Douye - Journey (2008)

Douye
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The Nigerian born, LA based singer/songwriter, Douye, is a definite talent. What isn't as definite is whether her smoldering debut can maintain a listener's attention for all 11 tracks of this thematically diverse, but sonically similar Journey. A package of hickory smoked vocals backed by smooth jazz arrangements is so commonplace in the jazz and indie soul market as to now constitute its own sub-genre. The problem is that the fusion of soul and jazz only works well when one of the dominant genres is showing enough of its teeth to keep the whole thing from devolving into upscale Muzak. The mellow moods inspired by these textured melodies are welcome after a hard day to be sure, but their smooth-by-numbers approach to jazz and vocal resonance as emotionalism is a bit insulting to both hard core jazz and soul fans.

The Nigerian born, LA based singer/songwriter, Douye, is a definite talent. What isn't as definite is whether her smoldering debut can maintain a listener's attention for all 11 tracks of this thematically diverse, but sonically similar Journey. A package of hickory smoked vocals backed by smooth jazz arrangements is so commonplace in the jazz and indie soul market as to now constitute its own sub-genre. The problem is that the fusion of soul and jazz only works well when one of the dominant genres is showing enough of its teeth to keep the whole thing from devolving into upscale Muzak. The mellow moods inspired by these textured melodies are welcome after a hard day to be sure, but their smooth-by-numbers approach to jazz and vocal resonance as emotionalism is a bit insulting to both hard core jazz and soul fans. Douye tries to keep it interesting by drawing comparisons to fellow Nigerian, Sade, in her phrasing and through story telling akin to the likes of Phoebe Snow, but the routine smooth jazz arrangements make it more background music than welcome distraction.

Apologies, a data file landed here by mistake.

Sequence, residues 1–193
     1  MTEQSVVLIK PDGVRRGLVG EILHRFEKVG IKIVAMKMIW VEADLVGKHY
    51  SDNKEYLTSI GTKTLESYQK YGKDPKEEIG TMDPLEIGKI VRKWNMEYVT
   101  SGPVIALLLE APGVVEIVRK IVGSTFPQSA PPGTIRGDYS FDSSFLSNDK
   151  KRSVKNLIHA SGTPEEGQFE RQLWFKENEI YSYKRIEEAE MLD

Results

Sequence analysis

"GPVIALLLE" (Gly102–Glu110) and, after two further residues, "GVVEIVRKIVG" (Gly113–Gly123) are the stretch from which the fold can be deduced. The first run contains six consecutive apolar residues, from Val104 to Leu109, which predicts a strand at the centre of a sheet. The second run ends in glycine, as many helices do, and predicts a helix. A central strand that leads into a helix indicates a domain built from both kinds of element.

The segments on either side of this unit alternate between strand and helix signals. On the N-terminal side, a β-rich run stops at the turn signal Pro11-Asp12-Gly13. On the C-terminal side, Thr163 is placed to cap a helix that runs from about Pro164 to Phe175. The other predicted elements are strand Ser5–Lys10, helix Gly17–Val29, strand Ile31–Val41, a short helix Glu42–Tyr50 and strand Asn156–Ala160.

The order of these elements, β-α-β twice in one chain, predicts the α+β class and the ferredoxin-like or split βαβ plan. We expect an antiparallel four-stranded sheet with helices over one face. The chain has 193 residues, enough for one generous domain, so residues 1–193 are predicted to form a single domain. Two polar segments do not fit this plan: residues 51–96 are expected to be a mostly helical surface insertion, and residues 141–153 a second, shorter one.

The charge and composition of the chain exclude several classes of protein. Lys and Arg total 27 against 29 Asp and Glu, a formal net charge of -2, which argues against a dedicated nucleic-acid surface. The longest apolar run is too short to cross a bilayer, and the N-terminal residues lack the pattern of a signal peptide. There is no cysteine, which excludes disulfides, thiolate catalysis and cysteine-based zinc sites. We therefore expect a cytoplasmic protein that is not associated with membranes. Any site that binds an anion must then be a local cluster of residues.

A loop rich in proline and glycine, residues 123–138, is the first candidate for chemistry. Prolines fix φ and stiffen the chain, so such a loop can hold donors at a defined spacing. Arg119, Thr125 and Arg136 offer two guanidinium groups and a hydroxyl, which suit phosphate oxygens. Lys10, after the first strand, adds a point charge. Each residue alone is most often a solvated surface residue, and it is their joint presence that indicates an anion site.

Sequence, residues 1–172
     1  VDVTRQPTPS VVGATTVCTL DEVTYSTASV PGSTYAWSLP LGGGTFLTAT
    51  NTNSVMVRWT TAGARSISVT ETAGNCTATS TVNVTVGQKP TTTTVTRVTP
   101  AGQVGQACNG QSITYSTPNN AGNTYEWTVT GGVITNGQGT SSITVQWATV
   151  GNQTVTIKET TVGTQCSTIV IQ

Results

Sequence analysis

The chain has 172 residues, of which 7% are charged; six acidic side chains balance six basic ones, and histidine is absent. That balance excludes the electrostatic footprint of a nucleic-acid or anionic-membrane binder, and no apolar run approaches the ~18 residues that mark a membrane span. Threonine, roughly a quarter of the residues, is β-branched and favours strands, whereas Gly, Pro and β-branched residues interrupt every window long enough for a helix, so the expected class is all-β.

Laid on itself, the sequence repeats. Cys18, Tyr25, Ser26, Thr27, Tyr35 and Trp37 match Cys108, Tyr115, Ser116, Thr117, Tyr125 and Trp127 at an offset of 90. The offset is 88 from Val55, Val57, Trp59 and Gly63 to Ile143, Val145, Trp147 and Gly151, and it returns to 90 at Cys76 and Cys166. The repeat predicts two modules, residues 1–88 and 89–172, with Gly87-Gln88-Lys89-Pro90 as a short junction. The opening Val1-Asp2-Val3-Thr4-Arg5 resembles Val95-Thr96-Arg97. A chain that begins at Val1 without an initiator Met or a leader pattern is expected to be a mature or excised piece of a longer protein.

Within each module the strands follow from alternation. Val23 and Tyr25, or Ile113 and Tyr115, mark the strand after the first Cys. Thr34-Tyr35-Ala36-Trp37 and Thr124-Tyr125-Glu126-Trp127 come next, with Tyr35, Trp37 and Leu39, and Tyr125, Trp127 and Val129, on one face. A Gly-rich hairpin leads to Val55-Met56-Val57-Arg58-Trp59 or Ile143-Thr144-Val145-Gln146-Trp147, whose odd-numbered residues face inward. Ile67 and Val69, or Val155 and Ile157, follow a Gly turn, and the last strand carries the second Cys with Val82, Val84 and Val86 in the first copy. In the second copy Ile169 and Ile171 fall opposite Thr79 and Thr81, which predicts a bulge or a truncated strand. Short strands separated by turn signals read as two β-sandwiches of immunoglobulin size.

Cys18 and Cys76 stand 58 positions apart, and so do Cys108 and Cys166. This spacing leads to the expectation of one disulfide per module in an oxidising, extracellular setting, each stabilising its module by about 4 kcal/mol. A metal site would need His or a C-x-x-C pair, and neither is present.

It's not entirely Douye's fault. The bar for smooth jazz has been set low for some time by more mature fans who only ask that you not disturb their happy hour chatter or after work lounging with too much impassioned noise. So, it's no surprise that a young artist like Douye could believe that sliding into notes and crooning against midnight backdrops will be enough to pass muster. If that's her thinking, she's not unjustified in it as there are certainly enough artists who are capitalizing on the musical legacy of Sade and Maxi Priest. Singers like Melody Gardot and Diana Krall on the jazz side and Goapele and Rhian Benson on the soul end of this spectrum demonstrate a belief that smokiness and a relaxed approach to melody create enough atmosphere to constitute compelling music. Given the commercial success of all of these artists, it has been a gamble that has worked, so far. However, the playing field is becoming crowded with new artists coming out every month who are taking this "I never break a sweat when I sing" route to jazzy soul, making it more and more difficult to standout. With her chilled out sultriness, had Douye come out several years earlier she'd have been an acclaimed forerunner. Instead, her music feels like it's following the pack.